Want cooler and lag-free PC experiences but don’t know a thing about installing PC case fans or case fan sizes? You’re not alone. Most of the chips and processors inside modern-day PCs generate a lot of heat. Unless these components receive active cooling, they’re unable to remain stable. For example, most Intel and AMD processors start malfunctioning when CPU temperatures reach over 212°F.
If your PC’s processors are demanding more heat dissipation, installing new case fans can help meet those demands. To do that you’ll need to learn what PC case fans are, the different PC case fans sizes, and which CPU fan size is ideal for your PC set-up. Don’t worry, I’ve answered all of these questions in great detail. Keep reading.
Do you have a particular question about case fan sizes? Then use the table of contents below to jump to the most relevant section. And you can always go back by clicking on the black arrow in the right bottom corner of the page. Also, please note that some of the links in this article may be affiliate links. For more details, check the Disclosure section at the bottom of the page.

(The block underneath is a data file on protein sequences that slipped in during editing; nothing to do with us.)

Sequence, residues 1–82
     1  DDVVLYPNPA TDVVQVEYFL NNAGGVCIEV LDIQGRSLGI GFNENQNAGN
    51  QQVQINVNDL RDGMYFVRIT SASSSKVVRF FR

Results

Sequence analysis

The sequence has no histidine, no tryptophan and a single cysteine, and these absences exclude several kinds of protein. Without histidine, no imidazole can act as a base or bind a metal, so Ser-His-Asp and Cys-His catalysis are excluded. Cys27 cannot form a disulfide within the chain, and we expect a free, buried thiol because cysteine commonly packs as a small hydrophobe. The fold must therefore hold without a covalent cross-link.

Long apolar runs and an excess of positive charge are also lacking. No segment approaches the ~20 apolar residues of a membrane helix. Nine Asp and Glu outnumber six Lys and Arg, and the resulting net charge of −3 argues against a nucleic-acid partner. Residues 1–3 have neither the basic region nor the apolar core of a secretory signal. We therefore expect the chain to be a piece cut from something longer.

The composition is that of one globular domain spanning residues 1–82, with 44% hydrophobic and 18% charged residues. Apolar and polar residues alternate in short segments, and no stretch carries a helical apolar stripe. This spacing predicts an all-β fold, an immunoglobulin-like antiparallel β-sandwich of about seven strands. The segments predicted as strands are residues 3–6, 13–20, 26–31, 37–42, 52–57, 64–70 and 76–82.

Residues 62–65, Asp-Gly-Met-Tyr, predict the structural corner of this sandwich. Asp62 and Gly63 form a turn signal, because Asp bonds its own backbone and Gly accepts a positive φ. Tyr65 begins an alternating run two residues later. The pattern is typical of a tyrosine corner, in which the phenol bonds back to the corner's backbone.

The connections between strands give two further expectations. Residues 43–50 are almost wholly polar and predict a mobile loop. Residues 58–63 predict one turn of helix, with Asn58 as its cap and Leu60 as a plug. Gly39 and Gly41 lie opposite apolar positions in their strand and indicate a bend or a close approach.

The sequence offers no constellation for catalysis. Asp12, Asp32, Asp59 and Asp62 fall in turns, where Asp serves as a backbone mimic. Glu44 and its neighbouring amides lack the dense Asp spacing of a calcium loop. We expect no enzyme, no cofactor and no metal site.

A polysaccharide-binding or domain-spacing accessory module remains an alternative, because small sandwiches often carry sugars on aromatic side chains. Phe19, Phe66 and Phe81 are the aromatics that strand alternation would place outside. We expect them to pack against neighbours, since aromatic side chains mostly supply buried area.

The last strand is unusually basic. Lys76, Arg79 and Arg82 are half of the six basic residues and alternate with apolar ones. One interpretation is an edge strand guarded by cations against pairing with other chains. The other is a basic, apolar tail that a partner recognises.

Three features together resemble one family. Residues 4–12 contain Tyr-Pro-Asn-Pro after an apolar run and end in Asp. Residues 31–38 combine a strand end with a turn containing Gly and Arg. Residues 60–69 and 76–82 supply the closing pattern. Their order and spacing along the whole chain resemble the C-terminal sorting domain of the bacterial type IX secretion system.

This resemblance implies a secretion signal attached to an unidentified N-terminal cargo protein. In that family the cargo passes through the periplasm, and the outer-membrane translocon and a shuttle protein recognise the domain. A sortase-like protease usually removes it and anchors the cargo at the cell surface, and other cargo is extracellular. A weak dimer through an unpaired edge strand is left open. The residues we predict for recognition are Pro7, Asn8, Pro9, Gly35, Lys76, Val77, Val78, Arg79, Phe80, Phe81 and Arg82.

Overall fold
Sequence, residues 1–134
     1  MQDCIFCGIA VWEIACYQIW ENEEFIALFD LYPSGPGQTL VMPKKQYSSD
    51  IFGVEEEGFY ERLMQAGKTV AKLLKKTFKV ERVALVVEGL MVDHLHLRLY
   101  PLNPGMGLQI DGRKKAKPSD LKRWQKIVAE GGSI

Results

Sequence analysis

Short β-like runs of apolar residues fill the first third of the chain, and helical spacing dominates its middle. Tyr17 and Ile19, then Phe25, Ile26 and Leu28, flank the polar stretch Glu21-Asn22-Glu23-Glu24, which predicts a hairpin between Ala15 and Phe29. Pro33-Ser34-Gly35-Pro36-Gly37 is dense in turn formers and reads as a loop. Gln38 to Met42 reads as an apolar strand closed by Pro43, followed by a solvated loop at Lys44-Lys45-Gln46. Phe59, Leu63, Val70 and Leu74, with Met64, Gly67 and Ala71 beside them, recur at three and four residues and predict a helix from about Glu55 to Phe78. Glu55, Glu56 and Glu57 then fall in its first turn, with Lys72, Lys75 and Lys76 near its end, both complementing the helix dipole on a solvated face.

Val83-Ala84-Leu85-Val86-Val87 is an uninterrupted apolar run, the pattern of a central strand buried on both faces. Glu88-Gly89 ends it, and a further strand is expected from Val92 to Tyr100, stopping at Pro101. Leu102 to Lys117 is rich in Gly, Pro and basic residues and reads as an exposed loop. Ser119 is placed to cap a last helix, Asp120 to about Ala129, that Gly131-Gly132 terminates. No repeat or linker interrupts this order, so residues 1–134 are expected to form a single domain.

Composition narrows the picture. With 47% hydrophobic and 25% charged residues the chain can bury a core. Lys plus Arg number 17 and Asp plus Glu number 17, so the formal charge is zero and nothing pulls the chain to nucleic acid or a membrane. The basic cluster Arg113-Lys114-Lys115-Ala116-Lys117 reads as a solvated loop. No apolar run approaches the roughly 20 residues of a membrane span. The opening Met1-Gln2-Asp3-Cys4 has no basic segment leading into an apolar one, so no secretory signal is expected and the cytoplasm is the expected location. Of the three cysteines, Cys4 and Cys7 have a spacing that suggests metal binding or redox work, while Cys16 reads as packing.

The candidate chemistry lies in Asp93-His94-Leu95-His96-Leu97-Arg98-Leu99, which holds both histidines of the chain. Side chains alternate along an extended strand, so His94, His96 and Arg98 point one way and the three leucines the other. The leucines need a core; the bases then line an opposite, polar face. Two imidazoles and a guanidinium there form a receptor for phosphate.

Here's what we'll cover:
- What Is A Case Fan?
- How Many Fans Are Typically in a Desktop Case?
- Types of PC Fans
- Standard Computer Fan Sizes
- How to Measure PC Fan Size?
- What Size Case Fans Do I Need?
What Is A Case Fan?
A case fan, i.e., a system fan, is an essential PC component that comes attached to the front/rear of the PC’s chassis. These fans help regulate the heat within the PC by circulating hot air away from PC components and cool air towards them. Standard PC cases typically come with at least three built-in system fans: two intake fans and one exhaust fan.
But, the three-fan configuration might not work for everybody. For instance, let’s say you’re an avid gamer. Your PC case may not have fans configured to promote GPU cooling. That’s when you’ll need to install third-party intake or exhaust fans to ensure your PC case pulls in enough cool air. Here’s an example of how PC case fans look like:
How Many Fans Are Typically in a Desktop Case?
Three: two intake fans and one exhaust fan. This configuration has a long history of creating the perfect airflow & dispersing the most amounts of hot air. But, that doesn’t mean it has to work for the PC case you’ve bought.
Types of PC Fans
PC fans come in a wide variety of sizes, shapes, designs, and even colors. From large axial fans found in most gaming PCs to small barrel-type fans designed specifically to cool processors: there’s a lot of variety in the world of PC fans. Since I can’t list them all, here are four types of fans that are commonly featured on most PCs:
- Case Fans: These fans are typically attached to the interior sides of computer cases. They blow hot air out of the cases.
- CPU Fans: These fans are typically installed on top of CPUs. They pull hot air away from CPUs, helping them stay cool, even when handling large workloads.